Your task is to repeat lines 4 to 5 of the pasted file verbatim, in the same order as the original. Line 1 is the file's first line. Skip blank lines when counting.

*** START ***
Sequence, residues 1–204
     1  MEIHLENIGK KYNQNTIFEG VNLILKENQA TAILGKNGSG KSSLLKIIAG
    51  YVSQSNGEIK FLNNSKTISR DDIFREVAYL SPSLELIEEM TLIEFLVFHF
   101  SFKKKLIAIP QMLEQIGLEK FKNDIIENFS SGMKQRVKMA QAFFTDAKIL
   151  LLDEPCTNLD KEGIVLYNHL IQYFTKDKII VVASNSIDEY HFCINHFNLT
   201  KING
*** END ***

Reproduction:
   101  SFKKKLIAIP QMLEQIGLEK FKNDIIENFS SGMKQRVKMA QAFFTDAKIL
   151  LLDEPCTNLD KEGIVLYNHL IQYFTKDKII VVASNSIDEY HFCINHFNLT